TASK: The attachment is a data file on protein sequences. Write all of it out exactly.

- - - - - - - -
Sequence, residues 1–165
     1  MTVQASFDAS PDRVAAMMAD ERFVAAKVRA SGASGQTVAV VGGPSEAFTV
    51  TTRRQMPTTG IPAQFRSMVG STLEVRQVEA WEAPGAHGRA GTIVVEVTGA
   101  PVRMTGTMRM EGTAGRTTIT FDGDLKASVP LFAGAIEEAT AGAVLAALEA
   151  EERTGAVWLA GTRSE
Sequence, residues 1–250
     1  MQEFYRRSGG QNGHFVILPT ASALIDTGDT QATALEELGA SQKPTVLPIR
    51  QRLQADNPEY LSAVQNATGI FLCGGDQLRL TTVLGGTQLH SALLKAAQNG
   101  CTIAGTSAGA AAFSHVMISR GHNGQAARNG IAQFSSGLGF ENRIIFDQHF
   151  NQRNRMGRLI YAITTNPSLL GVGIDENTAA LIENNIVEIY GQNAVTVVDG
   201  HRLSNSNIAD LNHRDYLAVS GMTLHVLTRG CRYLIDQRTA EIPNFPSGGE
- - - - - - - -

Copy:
Sequence, residues 1–165
     1  MTVQASFDAS PDRVAAMMAD ERFVAAKVRA SGASGQTVAV VGGPSEAFTV
    51  TTRRQMPTTG IPAQFRSMVG STLEVRQVEA WEAPGAHGRA GTIVVEVTGA
   101  PVRMTGTMRM EGTAGRTTIT FDGDLKASVP LFAGAIEEAT AGAVLAALEA
   151  EERTGAVWLA GTRSE
Sequence, residues 1–250
     1  MQEFYRRSGG QNGHFVILPT ASALIDTGDT QATALEELGA SQKPTVLPIR
    51  QRLQADNPEY LSAVQNATGI FLCGGDQLRL TTVLGGTQLH SALLKAAQNG
   101  CTIAGTSAGA AAFSHVMISR GHNGQAARNG IAQFSSGLGF ENRIIFDQHF
   151  NQRNRMGRLI YAITTNPSLL GVGIDENTAA LIENNIVEIY GQNAVTVVDG
   201  HRLSNSNIAD LNHRDYLAVS GMTLHVLTRG CRYLIDQRTA EIPNFPSGGE